Land Acknowledgements: What they ARE, and what they are NOT…


By G. Mülzel – Nordisk familjebok (1904), vol.1, Amerikanska folk [1] (the colour version is available in this zip-archive).Nordisk Familjebok has credited the image to Bibliographisches Institut, Leipzig., Public Domain,

This week I read a very important blog post for any small business, which may be operating ANYWHERE in the world!  This post, entitled “Our Homes (and Businesses) on Native Land”, can be read in full at

Spatial Integrity is currently established in the city of Guelph, Ontario.  Guelph, and many of the businesses/institutions located here, has been recognizing the importance of providing a Land Acknowledgement for First Nations’ communities across Ontario.  These acknowledgements are not just being conducted in this province, however – this is a form of verbally recognizing First Nations’ rights which is occurring across Canada!

What IS a Land Acknowledgement?

According to the Laurier Public Interest Research Group (LSPIRG), the definition of a land acknowledgement is: “… a formal statement that recognizes the unique and enduring relationship that exists between Indigenous Peoples and their traditional territories.” In more ‘basic’ language, this is simply a statement that we (as Canadians) recognize that everything we do happens on land occupied by First Nations peoples, and that everything we do impacts people who lived here long before our ancestors first moved here!

It is very easy for Canadian business owners, students, researchers, and citizens, to begin thinking we have exclusive rights to do whatever we need to in order to make our own lives better.  Sometimes, what we do can cause unintended harm to communities who have been here long before we can imagine!  This includes First Nations communities, and marginalized people who have established themselves in the places we live long before we can imagine.  A simple Land Acknowledgement can change our perceptions as ‘owners’ of the space we live, to tenants of the place we live on – much like renters of residential spaces.  It is our responsibility, therefore, for us to provide Land Acknowledgements when we conduct our business, and NOT of the First Nations communities themselves!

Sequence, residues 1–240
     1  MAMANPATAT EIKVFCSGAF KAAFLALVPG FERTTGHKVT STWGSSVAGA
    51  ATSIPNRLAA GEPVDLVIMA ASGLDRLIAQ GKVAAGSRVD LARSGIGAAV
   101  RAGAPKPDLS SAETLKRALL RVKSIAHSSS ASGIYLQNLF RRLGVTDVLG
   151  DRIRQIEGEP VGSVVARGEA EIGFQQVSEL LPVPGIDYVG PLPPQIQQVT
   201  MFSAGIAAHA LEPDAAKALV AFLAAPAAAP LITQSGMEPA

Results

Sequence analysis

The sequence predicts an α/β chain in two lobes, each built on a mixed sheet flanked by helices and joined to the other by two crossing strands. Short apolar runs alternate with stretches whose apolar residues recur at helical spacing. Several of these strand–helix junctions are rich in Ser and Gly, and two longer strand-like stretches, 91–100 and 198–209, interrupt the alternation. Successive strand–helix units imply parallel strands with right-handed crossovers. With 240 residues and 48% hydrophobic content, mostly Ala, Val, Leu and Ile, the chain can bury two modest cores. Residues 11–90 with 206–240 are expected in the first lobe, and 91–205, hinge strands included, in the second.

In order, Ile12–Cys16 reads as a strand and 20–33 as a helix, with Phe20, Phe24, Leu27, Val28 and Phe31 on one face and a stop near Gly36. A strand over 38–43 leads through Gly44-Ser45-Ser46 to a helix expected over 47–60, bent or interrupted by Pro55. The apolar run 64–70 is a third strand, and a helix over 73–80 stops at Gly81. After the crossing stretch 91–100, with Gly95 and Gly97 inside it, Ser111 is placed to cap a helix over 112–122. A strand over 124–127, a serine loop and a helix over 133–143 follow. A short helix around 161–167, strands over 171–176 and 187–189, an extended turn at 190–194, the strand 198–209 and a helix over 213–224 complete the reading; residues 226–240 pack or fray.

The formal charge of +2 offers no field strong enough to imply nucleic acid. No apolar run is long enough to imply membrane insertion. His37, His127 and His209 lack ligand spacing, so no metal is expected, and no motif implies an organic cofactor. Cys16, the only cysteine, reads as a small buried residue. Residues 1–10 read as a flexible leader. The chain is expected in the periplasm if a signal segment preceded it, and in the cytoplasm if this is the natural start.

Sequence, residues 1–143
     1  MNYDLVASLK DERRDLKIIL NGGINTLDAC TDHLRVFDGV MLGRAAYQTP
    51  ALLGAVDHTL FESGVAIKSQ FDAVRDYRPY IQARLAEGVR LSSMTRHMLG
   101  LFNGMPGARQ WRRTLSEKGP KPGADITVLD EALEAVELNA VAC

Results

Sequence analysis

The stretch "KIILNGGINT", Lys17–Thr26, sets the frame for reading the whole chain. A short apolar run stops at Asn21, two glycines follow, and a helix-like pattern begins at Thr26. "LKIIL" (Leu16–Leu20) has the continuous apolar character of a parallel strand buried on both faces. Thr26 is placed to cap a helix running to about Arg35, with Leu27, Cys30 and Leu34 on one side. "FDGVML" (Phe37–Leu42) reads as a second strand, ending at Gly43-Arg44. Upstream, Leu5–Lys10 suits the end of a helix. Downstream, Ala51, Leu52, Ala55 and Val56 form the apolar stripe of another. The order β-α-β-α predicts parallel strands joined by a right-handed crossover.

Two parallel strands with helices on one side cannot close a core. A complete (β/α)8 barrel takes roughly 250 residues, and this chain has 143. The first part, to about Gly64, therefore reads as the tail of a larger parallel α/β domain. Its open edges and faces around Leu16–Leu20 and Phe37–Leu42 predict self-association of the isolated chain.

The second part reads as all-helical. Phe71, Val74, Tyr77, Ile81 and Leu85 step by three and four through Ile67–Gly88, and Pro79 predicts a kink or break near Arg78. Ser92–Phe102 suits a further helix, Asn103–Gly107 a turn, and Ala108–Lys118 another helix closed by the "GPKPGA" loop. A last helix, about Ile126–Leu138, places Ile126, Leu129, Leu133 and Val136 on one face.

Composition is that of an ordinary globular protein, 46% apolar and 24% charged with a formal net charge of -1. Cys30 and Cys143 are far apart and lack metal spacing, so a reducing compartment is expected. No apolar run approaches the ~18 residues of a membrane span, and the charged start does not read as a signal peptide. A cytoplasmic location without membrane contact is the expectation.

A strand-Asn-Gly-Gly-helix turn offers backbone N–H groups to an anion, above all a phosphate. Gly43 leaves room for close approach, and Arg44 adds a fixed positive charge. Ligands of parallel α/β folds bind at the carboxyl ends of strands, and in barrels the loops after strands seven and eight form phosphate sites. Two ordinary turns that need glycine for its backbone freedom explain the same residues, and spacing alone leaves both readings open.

This is, in fact, who we are – people who ‘rent’ the spaces we live in.  The places we live, and where we conduct our businesses, have been occupied by people who resided here thousands of years before our ancestors ever arrived in Canada.  The area we now call ‘Guelph’ was occupied by the Attawandaron (Neutral) people before the year 1500.  This region was used as a gathering place for many of the Six-Nations Indigenous groups who called this land ‘home’.  Once European settlers moved in, the Attawandaron people were decimated through war, disease, and policies which included the Indian Act of 1927 and Residential Schools.  For more information on this history, check out this website —

Deciding to engage with a Land Acknowledgement forces us to change our perceptions from land and resource ‘owners’, to people who are ‘renting’ the spaces we conduct our business in.  We come to see ourselves – not as people with exclusive rights to land and resources – but as individuals who are committed to collaborating and consulting with the communities on whose land we currently live.  It is not the responsibility, therefore, for First Nations groups to remind us of our obligations as ‘tenants’ – but for us to consistently remind ourselves of our responsibilities to ensure that we ourselves remain accountable for our actions.  We need to remember that we are here as responsible members to a common cause which helps everyone make this a better place to live, work and thrive in!

As such, Spatial Integrity commits to its own Land Acknowledgement:

Spatial Integrity acknowledges that we currently operate on the traditional territory of the Attawandaron (Neutral) peoples.  We also offer respect to our Haudenosaunee, Anishinaabe and Metis neighbours.  At one time, the Attawandaron, who lived in the region of Guelph, Waterloo and Hamilton, numbered over 30,000. Their community was ultimately wiped out through disease, war, and colonial policies. Today, we honour the ancestors of many Six Nations residing here.  At all times, Spatial Integrity is committed to honouring First Nations leadership and knowledge.  Spatial Integrity remains mindful of the harm done to First Nations communities through colonial policies; both past and present. We are committed to our duty to consult and collaborate with First Nations’ communities toward their sovereign rights to land, development and resource management.

Until next time, this is Spatial Integrity – Making the Invisible, Visible!

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